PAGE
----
How to embrace maximalist design in small spaces

With the right textures, patterns, colours and furniture, even the tiniest spaces can feel sumptuous

When space is tight, it might be tempting to take a minimalist approach to decorating. But there’s an argument for challenging the status quo and embracing maximalism in a compact abode. Smaller spaces offer the perfect canvas for expressing personality. By strategically introducing the right textures, patterns, colours and furniture, even the tiniest spaces can feel sumptuous without appearing cramped.

Functionality first

When it comes to furniture, functionality is critical. Conceal-and-reveal-style storage or workstations, extendable tables and built-in beds offer clever solutions for maximising space without sacrificing style. Sofas featuring modular designs or removable cushions provide flexible seating and serve as extra beds when needed.

Go big

In a tight area, trying to maximise space by using only smaller furniture items is common. However, overfilling a small room with small furniture can make it feel cluttered.

Strategically incorporating oversized pieces in a small space can create a sense of comfort and elegance. The trick is experimenting with scale, balancing larger items with smaller ones. For instance, combine an oversized armchair with a slender, modern sofa. This juxtaposition of proportions can make the room feel more inviting while maintaining a sense of visual harmony.

When it comes to rugs, bigger is definitely better. A larger rug will help to expand a room visually. When deciding how big to go, the rule of thumb is to ensure that all the furniture sits comfortably on the rug, or at least the front legs of the sofa and chairs. Anything smaller will tend to feel awkward and make the space feel pokey.

Play with pattern

Although traditional wisdom suggests avoiding bold patterns in small spaces, there’s no need to shy away from them. Patterns can breathe life into even the smallest of rooms when skilfully combined. The key is to carefully curate your choices by limiting your colour palette to a maximum of three shades and experimenting with scale and geometry.

Mix bold, graphic stripes with delicate floral patterns to achieve a harmonious blend, creating an unexpected yet complementary contrast. For instance, pair a striped rug with floral cushions or upholstery. Choose complementary colours to tie the look together.

Don’t be afraid to mix different textures alongside bold patterns. For example, pair a velvet sofa with a patterned rug and a textured throw. Mixing textures adds depth and visual interest to the space while maintaining cohesion.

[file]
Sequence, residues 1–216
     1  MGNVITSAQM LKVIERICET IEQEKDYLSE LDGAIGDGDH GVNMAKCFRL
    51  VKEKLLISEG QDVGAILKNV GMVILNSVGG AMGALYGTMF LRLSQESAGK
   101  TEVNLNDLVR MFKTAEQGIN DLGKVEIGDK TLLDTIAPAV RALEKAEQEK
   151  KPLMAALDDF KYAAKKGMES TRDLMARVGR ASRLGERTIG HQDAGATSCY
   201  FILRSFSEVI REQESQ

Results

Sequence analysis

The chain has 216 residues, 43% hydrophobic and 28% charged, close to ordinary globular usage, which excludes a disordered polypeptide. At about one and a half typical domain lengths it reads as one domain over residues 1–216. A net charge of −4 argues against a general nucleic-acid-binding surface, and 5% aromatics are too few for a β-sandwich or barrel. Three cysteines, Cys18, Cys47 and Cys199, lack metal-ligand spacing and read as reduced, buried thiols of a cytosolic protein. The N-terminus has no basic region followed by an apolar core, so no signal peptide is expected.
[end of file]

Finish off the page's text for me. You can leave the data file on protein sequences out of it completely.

Be brave

People often think that painting a small room in a light colour will make it feel bigger. This isn’t always true, and depending on the amount of natural light the room has, a pale colour might make it feel too cold. A north-facing room painted white, for example, will feel quite sterile.

In a small room, embrace its size and aim to make it feel cosy by painting it a darker shade. Doing this won’t make the room feel smaller but will create an intimate and relaxing space.

Create a dramatic statement by sticking to a single bold colour throughout the room. Whether emerald green, royal blue, or rich burgundy, using one dominant colour can make a small space feel cohesive and impactful. Experiment with different shades and textures within the same colour family to add depth.

Layered lighting

Lighting plays a crucial role in enhancing the perception of space. Layered lighting, including overhead fixtures and lamps, adds warmth and ambience to small rooms without overwhelming them.

Decorative lighting, such as pendant lights, will add an attractive feature to your space. For example, table and floor lamps or concealed lighting in joinery units are ideal for creating ambience or mood lighting.

Consider replacing floor and table lamps with wall lights in tight spaces to optimise floor space. Wall lights serve a dual purpose as both a decorative element and a practical solution. If hard-wired fixtures don’t fit your budget, there’s an array of stylish plug-in wall lights available as alternatives.

Custom cabinetry

Bespoke joinery, designed to fit the exact dimensions of a room, offers a seamless and efficient way to maximise storage and minimise clutter. By investing in customised storage solutions, you can create a tailored fit that organises your belongings effortlessly and adds a visually appealing element to your space.

Custom cabinetry ensures that every inch of storage is optimised for functionality while maintaining a sleek and discreet appearance. This level of personalisation allows you to design a solution that perfectly meets your unique needs and enhances your room’s overall aesthetic.

Ceiling’s the limit

When designing a room, especially a small one, ceilings are frequently overlooked in the colour scheme planning process. However, ceilings present an additional canvas for creativity and experimentation. Don’t feel limited to white, even in compact spaces. Consider painting your ceiling to match the walls; a dark shade can create a cosy, cocoon-like atmosphere, while a lighter shade can evoke a calming ambience.

Alternatively, make a bold statement by selecting a colour that contrasts with your walls. This approach can add visual interest and character to your space, drawing the eye upward and making the room feel more expansive.

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